I know that emotions are raw right now in Ferguson and there are certainly passionate differences about what has happened. There are going to be different accounts of how this tragedy occurred. There are going to be differences in terms of what needs to happen going forward. That’s part of our democracy. But let’s remember that we’re all part of one American family. We are united in common values, and that includes belief in equality under the law; a basic respect for public order and the right to peaceful public protest; a reverence for the dignity of every single man, woman and child among us; and the need for accountability when it comes to our government.
So now is the time for healing. Now is the time for peace and calm on the streets of Ferguson. Now is the time for an open and transparent process to see that justice is done. And I’ve asked that the Attorney General and the U.S. Attorney on the scene continue to work with local officials to move that process forward. They will be reporting to me in the coming days about what’s being done to make sure that happens.
Thanks very much, everybody.
12:58 P.M. EDT
Thursday, August 14, 2014 doj.gov
Statement by Attorney General Eric Holder on Latest Developments in Ferguson, Missouri
Attorney General Eric Holder released the following statement Thursday following his meeting earlier today with President Obama to discuss the latest developments in Ferguson, Missouri:
“This morning, I met with President Obama to discuss the events in Ferguson, Missouri. Like the President, I extend my heartfelt condolences to the family of Michael Brown. While his death has understandably caused heartache within the community, it is clear that the scenes playing out in the streets of Ferguson over the last several nights cannot continue.
“For one thing, while the vast majority of protests have been peaceful, acts of violence by members of the public cannot be condoned. Looting and willful efforts to antagonize law enforcement officers who are genuinely trying to protect the public do nothing to remember the young man who has died. Such conduct is unacceptable and must be unequivocally condemned.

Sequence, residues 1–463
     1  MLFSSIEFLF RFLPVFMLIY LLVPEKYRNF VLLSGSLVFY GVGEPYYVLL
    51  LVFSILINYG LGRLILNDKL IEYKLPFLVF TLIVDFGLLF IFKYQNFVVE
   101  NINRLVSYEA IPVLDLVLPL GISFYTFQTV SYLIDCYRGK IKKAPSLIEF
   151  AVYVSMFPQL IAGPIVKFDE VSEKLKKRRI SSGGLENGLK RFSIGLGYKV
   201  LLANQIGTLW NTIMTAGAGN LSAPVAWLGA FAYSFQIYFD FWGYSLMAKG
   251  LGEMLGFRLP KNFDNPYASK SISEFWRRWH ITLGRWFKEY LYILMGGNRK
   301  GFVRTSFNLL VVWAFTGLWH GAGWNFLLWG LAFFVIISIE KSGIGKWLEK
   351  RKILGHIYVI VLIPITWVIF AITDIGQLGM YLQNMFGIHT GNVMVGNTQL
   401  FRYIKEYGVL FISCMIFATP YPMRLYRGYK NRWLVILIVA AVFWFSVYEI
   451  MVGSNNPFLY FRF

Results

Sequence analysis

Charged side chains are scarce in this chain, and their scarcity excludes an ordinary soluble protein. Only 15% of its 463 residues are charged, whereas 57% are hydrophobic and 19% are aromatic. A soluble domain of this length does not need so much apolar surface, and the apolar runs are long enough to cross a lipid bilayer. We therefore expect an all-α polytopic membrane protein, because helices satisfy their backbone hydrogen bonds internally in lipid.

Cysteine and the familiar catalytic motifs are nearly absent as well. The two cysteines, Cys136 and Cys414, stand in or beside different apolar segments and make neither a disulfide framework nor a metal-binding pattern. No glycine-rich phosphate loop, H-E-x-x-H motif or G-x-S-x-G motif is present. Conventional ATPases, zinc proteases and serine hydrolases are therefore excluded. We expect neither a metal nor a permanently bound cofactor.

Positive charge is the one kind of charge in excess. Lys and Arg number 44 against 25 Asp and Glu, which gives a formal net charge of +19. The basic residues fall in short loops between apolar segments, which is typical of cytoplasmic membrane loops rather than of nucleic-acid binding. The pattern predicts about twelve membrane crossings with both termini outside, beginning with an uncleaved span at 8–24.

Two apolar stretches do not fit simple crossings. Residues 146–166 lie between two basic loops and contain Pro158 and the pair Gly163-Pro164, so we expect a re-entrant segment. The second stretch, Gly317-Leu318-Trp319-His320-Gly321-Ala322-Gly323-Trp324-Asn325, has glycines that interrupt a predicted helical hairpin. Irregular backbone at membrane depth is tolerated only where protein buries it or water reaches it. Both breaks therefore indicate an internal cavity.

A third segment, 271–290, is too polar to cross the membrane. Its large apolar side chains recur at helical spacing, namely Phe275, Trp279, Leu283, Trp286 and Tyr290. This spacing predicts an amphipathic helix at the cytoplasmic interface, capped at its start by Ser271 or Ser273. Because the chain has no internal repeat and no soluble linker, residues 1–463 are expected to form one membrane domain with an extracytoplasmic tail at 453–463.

“By the same token, the law enforcement response to these demonstrations must seek to reduce tensions, not heighten them. Those who peacefully gather to express sympathy for the family of Michael Brown must have their rights respected at all times. And journalists must not be harassed or prevented from covering a story that needs to be told.
“At a time when we must seek to rebuild trust between law enforcement and the local community, I am deeply concerned that the deployment of military equipment and vehicles sends a conflicting message. At my direction, Department officials have conveyed these concerns to local authorities. Also at my direction, the Department is offering – through our COPS office and Office of Justice Programs – technical assistance to local authorities in order to help conduct crowd control and maintain public safety without relying on unnecessarily extreme displays of force. The local authorities in Missouri have accepted this offer of assistance as of this afternoon.
For more: http://www.justice.gov/opa/pr/2014/August/14-ag-854.html
The mayhem in Ferguson, Missouri, will be arriving shortly on Capitol Hill.
A House Democrat from Georgia plans to introduce the first piece of legislation responding to the shooting in the suburb of St. Louis that would focus on stopping a program providing machine guns and free military equipment to local law enforcement.
Rep. Hank Johnson sent a “Dear Colleague” letter Thursday morning alerting lawmakers that he is putting forward the Stop Militarizing Law Enforcement Act. The action comes in the wake of a policeman shooting an unarmed black man that has created an increasingly tense relationship between the police and the city’s largely African-American population. The response of local police, including the use of tear gas on protesters, has been criticized as overly aggressive.
“Our main streets should be a place for business, families, and relaxation, not tanks and M16s,” Johnson wrote. “Unfortunately, due to a Department of Defense (DOD) Program that transfers surplus DOD equipment to state and local law enforcement, our local police are quickly beginning to resemble paramilitary forces.”
Further, Johnson said the legislation would “end the free transfers of certain aggressive military equipment to local law enforcement and ensure that all equipment can be accounted for.
Johnson’s legislation is focused on a Pentagon surplus program that has allowed cities across the nation to acquire military equipment. like mine-resistant ambush-protected vehicles.
The Friends Committee on National Legislation and the American Civil Liberties Union endorse the legislation.